In the first system of co-ordinates already described the fundamental axis is the vertical line or direction of gravity at the point of observation. This is not the direction of gravity proper, or of the earth’s attraction, but the resultant of this attraction combined with the centrifugal force due to the earth’s rotation on its axis. The most obvious method of realizing this direction is by the plumb-line. In our time, however, this appliance is replaced by either of two others, which admit of much more precise application. These are the basin of mercury and the spirit-level. The surface of a liquid at rest is necessarily perpendicular to the direction of gravity, and therefore horizontal. Considered as a curved surface, concentric with the earth, a tangent plane to such a surface is the plane of the horizon. The problem of measuring from an axis perpendicular to this plane is solved on the principle that the incident and reflected rays of light make equal angles with the perpendicular to a reflecting surface. It follows that if PO (fig. 5) is the direction of a ray, either from a heavenly body or from a terrestrial point, impinging at O upon the surface of quicksilver, and reflected in the direction OR, the vertical line is the bisector OZ, of the angle POR. If the point P is so adjusted over the quicksilver that the ray is reflected back on its own path, P and R lying on the same line above O, then we know that the line PO is truly vertical. The zenith-distance of an object is the angle which the ray of light from it makes with the vertical direction thus defined.
|Fig. 5. ||Fig. 6.|
To show the principle involved in the spirit-level let MN (fig. 6) be the tube of such a level, fixed to an axis OZ on which it may revolve. If this axis is so adjusted that in the course of a revolution around it the bubble of the level undergoes no change of position, we know that the axis is truly vertical. Any slight deviation from verticality is shown by the motion of the bubble during the revolution, which can be measured and allowed for. The level may not be actually attached to an axis, a revolution of 180° being effected round an imaginary vertical axis by turning the level end for end. The motion of the bubble then measures double the inclination of this imaginary axis, or the deviation of a cylinder on which the level may rest from horizontality.
The problem of determining the zenith distance of a celestial object now reduces itself to that of measuring the angle between the direction of the object and the direction of the vertical line realized in one of these ways. This measurement is effected by a combination of two instruments, the telescope and the graduated circle. Let OF (fig. 7) be a section of the telescope, MN being its object glass. Let the parallel dotted lines represent rays of light emanating from the object to be observed, which, for our purpose, we regard as infinitely distant, a star for example. These rays come to a focus at a point F lying in the focal plane of the telescope. In this plane are a pair of cross threads or spider lines which, as the observer looks into the telescope, are seen as AB and CD (fig. 8). If the telescope is so pointed that the image of the star is seen in coincidence with the cross threads, as represented in fig. 8, then we know that the star is exactly in the line of sight of the telescope, defined as the line joining the centre of the object glass, and the point of intersection of the cross threads. If the telescope is moved around so that the images of two distant points are successively brought into coincidence with the cross threads, we know that the angle between the directions of these points is equal to that through which the telescope has been turned. This angle is measured by means of a graduated circle, rigidly attached to the tube of the telescope in a plane parallel to the line of sight. When the telescope is turned in this plane, the angular motion of the line of sight is equal to that through which the circle has turned.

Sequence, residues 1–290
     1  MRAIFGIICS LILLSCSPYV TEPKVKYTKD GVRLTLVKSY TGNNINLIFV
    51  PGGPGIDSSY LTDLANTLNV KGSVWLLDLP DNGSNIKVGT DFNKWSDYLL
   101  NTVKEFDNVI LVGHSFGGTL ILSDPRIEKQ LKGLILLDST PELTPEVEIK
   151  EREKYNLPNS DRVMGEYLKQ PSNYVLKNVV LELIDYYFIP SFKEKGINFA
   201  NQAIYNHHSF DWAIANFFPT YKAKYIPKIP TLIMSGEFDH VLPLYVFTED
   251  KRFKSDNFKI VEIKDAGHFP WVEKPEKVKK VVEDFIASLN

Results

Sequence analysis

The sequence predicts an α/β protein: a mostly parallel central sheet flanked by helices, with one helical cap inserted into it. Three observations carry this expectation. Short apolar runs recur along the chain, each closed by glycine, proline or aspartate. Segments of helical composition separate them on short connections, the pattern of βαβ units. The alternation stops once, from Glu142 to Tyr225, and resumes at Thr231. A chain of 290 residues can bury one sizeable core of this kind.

Stripped of all unnecessary adjuncts, and reduced to a geometric form, the ideal method by which the zenith distance of a heavenly body is determined by the combination which we have described is as follows:—Let OP (fig. 9) be the direction of a celestial body at which a telescope, supplied with a graduating circle, is pointed. Let OZ be an axis, as nearly vertical as it can easily be set, round which the entire instrument may revolve through 180°. After the image of the body is brought into coincidence with the cross threads, the instrument is turned through 180° on the axis, which results in the line of sight of the telescope pointing in a certain direction OQ, determined by the condition QOZ = ZOP. The telescope is then a second time pointed at the object by being moved through the angle QOP. Either of the angles QOZ and ZOP is then one half that through which the telescope has been turned, which may be measured by a graduated circle, and which is the zenith distance of the object measured from the direction of the axis OZ. This axis may not be exactly vertical. Its deviation from the vertical line is determined by the motion of the bubble of a spirit-level rigidly attached either to the axis, or to the telescope. Applying this deviation to the measured arc, the true zenith distance of the body is found.
When the basin of quicksilver is used, the telescope, either before or after being directed toward P, is pointed directly downwards, so that the observer mounting above it looks through it into the reflecting surface. He then adjusts the instrument so that the cross threads coincide with their images reflected from the surface of the quicksilver. The angular motion of the telescope in passing from this position to that when the celestial object is in the line of sight is the distance (ND) of the body from the nadir. Subtracting 90° from (ND) gives the altitude; and subtracting (ND) from 180° gives the zenith distance.